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Post-9/11 air defense gaps leave cities on fringes of response time

Staff
Published:   |   Updated: March 20, 2013 at 09:36 PM

"The possibility of a surprise air attack on the United States of America - in the view of most of us who've been in this business for a long, long time - is remote. But obviously you have a different viewpoint."
U.S. Sen. John McCain, March 21, 1996, to Maj. Gen. Don Shepperd, head of the Air National Guard

TAMPA - Five years before the 9/11 attacks, U.S. Sen. John McCain asked what airborne threats remained after the Cold War.

"Any threat which may come into our airspace," answered Deborah Lee, assistant secretary of defense for reserve affairs, during a Senate subcommittee discussion on air defense.

"Name me an enemy that that could be," McCain responded. "Canada? Mexico? Venezuela?"

Lee's point proved prophetic when a decades-long decline in air defenses left New York and Washington vulnerable Sept. 11, 2001.

On that day, the two East Coast air sovereignty alert sites - among just seven in the continental United States - were spread too thin for fighter planes to intercept the hijacked airliners when commanders determined the flights were part of a terrorist plan.

Since then, a buildup of alert sites to fill gaps between bases where fighter jets stand by to intercept intruders was reduced during the Bush administration from 26 to 18, including sites in Alaska and Hawaii.

That leaves Tampa, Orlando, Dallas and Atlanta among cities at the fringes or beyond the 20-minute interceptor response time the Defense Department established for "areas of interest" after the 2001 terrorist attacks, nonclassified military documents in the public domain show.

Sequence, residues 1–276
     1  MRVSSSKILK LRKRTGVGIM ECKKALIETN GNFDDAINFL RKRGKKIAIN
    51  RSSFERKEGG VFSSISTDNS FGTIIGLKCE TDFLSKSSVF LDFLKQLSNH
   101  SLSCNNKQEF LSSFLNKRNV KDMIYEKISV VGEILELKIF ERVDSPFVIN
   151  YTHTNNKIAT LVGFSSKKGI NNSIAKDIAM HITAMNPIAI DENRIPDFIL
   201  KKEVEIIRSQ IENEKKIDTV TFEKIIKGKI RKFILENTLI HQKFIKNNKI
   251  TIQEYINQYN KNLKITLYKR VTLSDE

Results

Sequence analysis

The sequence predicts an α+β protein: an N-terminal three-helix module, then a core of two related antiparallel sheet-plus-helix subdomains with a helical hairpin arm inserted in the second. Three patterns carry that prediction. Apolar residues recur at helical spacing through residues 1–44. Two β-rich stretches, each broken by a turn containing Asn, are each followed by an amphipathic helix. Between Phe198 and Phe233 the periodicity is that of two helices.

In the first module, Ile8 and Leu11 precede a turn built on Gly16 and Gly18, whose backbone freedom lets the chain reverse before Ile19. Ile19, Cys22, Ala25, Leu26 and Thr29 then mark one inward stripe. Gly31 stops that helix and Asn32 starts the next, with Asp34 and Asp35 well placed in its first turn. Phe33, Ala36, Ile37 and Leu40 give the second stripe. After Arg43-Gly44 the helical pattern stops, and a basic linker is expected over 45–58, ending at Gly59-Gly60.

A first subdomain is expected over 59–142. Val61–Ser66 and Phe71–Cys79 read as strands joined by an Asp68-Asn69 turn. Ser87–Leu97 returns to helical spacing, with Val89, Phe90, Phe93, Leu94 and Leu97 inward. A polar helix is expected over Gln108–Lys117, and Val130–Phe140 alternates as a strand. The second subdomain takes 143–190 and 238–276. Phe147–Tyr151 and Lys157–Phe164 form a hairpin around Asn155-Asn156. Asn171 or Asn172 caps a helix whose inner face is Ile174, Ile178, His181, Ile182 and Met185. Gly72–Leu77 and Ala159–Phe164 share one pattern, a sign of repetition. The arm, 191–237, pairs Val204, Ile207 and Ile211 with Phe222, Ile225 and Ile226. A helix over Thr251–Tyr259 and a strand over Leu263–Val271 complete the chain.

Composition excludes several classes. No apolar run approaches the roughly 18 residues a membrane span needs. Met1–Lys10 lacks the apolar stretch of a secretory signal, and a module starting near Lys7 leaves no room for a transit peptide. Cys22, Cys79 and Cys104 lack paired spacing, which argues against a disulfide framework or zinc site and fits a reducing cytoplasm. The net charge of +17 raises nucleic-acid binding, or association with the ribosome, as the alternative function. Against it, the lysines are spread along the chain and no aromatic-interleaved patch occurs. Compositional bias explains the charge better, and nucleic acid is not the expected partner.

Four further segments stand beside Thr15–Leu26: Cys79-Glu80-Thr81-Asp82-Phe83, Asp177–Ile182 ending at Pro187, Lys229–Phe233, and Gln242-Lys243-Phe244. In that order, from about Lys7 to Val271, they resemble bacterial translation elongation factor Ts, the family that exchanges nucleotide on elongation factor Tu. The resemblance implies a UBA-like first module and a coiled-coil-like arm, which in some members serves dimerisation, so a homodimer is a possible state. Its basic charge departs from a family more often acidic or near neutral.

Military officials emphasize that response times used in planning can differ from an actual scramble. Variables include the time it takes to launch an interceptor and its speed in an emergency. Commanders also can temporarily shift or add alert sites.

Last line of defense

The nation's last line of defense against airborne threats is now in President Barack Obama's hands.

A number of studies are under way, including the Pentagon's plan for an air sovereignty force that was outlined in a classified report to the Senate Armed Forces Committee on April 7.

Since 9/11, fighter planes have responded to 2,350 possible air threats in the United States, according to an online report from the Continental U.S. NORAD Region at Tyndall Air Force Base in Panama City.

The Air Force spelled out vulnerabilities in a 2006 defense industry request for solutions to three scenarios: a cruise missile attack from off the coast of Maryland aimed at a major metropolitan area; a 9/11-style aircraft hijacking; and a civilian aircraft loaded with weapons of mass destruction departing from a Canadian airport.

The project remains under review.

With the exception of a small, bipartisan group of congressmen who took up the cause in 2008, however, interest in the country's air defense mission has gathered little attention since 9/11.

Homeland defense at risk?

Two years ago, Reps. Frank LoBiondo, R-N.J., and Tom Davis, R-Va., along with Sens. Patrick Leahy, D-Vt., and Christopher Bond, R-Mo., said the Air National Guard, which operates 16 alert sites, had been neglected in funding and planning. They questioned whether the cutbacks put homeland defense at risk.

In January 2009, the Government Accountability Office responded: The Air Force, which oversees Air National Guard operations, was focused on other priorities, such as overseas missions for the Guard units that do double duty on air defense alert.

Aging aircraft was another issue, the GAO said. The Air Force faced challenges replacing or extending the service life of fighter aircraft, and by 2020, 11 of 18 air sovereignty alert sites could be without aircraft.